Friday, February 22, 2013

Garden book review: Yard Art and Handmade Places

Today I am joining a garden book review meme hosted by Holly at Roses and Other Gardening Joys. I wrote a review for the first month of the meme, and have not participated since. There's really no excuse for this, as I love books, all sorts. This meme is made for me!

Several years ago, I received a gift book entitled Yard Art and Handmade Places, Extraordinary Expressions of Home, by Jill Nokes with Pat Jasper. Nokes is a family friend. Well, I don't actually know her, but other family members do. She is a landscape designer in Austin, and my brother-in-law, who is a landscape architect, worked with her for a while.

Each chapter features a different yard and gardener, from all over the great state of Texas. These gardeners use a wide variety of materials to make a personal statement in their yards. 

According to the book jacket:

"Yard Art and Handmade Places celebrates the fact that, despite the proliferation of look-alike suburbs, places still exist where people with ordinary means and skills are shaping space with their own hands to create a personal expression that can be enjoyed by all."

The gardeners use materials ranging from rocks to collections, statuary to junk. Some of the gardeners used plant choices to create an oasis. Other gardens celebrate a gardener's Mexican heritage or reflect the owner's religious beliefs. It's no slip of the pen when Nokes calls these gardeners "artists.'

One of my favorite chapters is about a gardener in San Antonio (pictured on the book's cover), Jesus Zertuche, who built a waterfall in his front yard from white limestone with black mortar, and decorated it with rocks collected over a lifetime working on a ranch in south Texas. He posed the animal-shaped rocks around the pond and waterfall. He also populated the urban property with trees and plants, to soften the hard edges of the limestone and provide shade on hot south Texas days.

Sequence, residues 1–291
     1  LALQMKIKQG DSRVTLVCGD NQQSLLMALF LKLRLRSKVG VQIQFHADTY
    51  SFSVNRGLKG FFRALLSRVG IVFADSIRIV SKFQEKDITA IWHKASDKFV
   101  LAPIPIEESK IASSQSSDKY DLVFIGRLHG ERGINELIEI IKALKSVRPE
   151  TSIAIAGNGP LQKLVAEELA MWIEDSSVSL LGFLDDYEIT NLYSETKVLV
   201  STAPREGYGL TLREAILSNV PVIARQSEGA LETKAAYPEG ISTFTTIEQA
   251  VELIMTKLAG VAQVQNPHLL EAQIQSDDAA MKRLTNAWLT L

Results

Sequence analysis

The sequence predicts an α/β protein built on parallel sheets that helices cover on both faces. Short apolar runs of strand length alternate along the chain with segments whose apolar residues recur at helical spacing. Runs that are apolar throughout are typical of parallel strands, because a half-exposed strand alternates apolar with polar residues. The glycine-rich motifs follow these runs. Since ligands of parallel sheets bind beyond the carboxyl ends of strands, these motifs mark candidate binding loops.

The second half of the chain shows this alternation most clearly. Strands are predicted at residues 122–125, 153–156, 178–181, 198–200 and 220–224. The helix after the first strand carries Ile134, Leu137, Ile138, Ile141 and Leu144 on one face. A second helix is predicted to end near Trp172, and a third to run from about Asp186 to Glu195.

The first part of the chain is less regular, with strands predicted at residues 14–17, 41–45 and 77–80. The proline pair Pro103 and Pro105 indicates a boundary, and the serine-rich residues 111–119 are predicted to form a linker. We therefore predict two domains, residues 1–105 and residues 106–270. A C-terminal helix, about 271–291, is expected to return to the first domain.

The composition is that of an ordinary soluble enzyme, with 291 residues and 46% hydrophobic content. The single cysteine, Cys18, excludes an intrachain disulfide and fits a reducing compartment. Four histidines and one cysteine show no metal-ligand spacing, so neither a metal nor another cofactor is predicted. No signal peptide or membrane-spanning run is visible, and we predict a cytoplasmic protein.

Another chapter features Cleveland Turner's yard in the Third Ward of Houston. He has filled his yard to the brim with brightly colored found treasures and colorful flowers. From the book:  "Like many folk artists, Cleveland receives a lot of attention simply because his home and garden seem so wonderfully outrageous and free from convention."

I loved exploring these creative gardens; I often wish my garden was more whimsical, but it just may not be in my nature. 

The stories Nokes tells about the gardeners are fascinating, but I did wish for larger pictures, since I will most likely never see these gardens in person.

This book is pure fun. If you enjoy quirky yard art interwoven with beautiful and interesting plants, you might want to track down this book. To see more garden book reviews, click on this link.

Favorite spot in the garden:

Spring seems to be peeking out in my garden. I’m ready, how about you? The snowdrops (Leucojum aestivum) or snowflakes have begun blooming. I'd never noticed the tiny green spots at the base of each petal - very cool! Some of my snowdrops came from around an old house on property where my sister lived for awhile. My mother-in-law recently gave me more, from her grandmother's garden. Both of these were in southeast Texas, but they seem to be doing alright here in central Texas, too!


  1. What a fun book! I imagine this book would really get the creative juices flowing. Whimsical seems like an appropriate term for these gardens, and I imagine this would be a very enjoyable book to look at as well as to read. Thanks so much for joining in!

  2. Looks like an interesting read - I'm all for whimsy in the garden! :)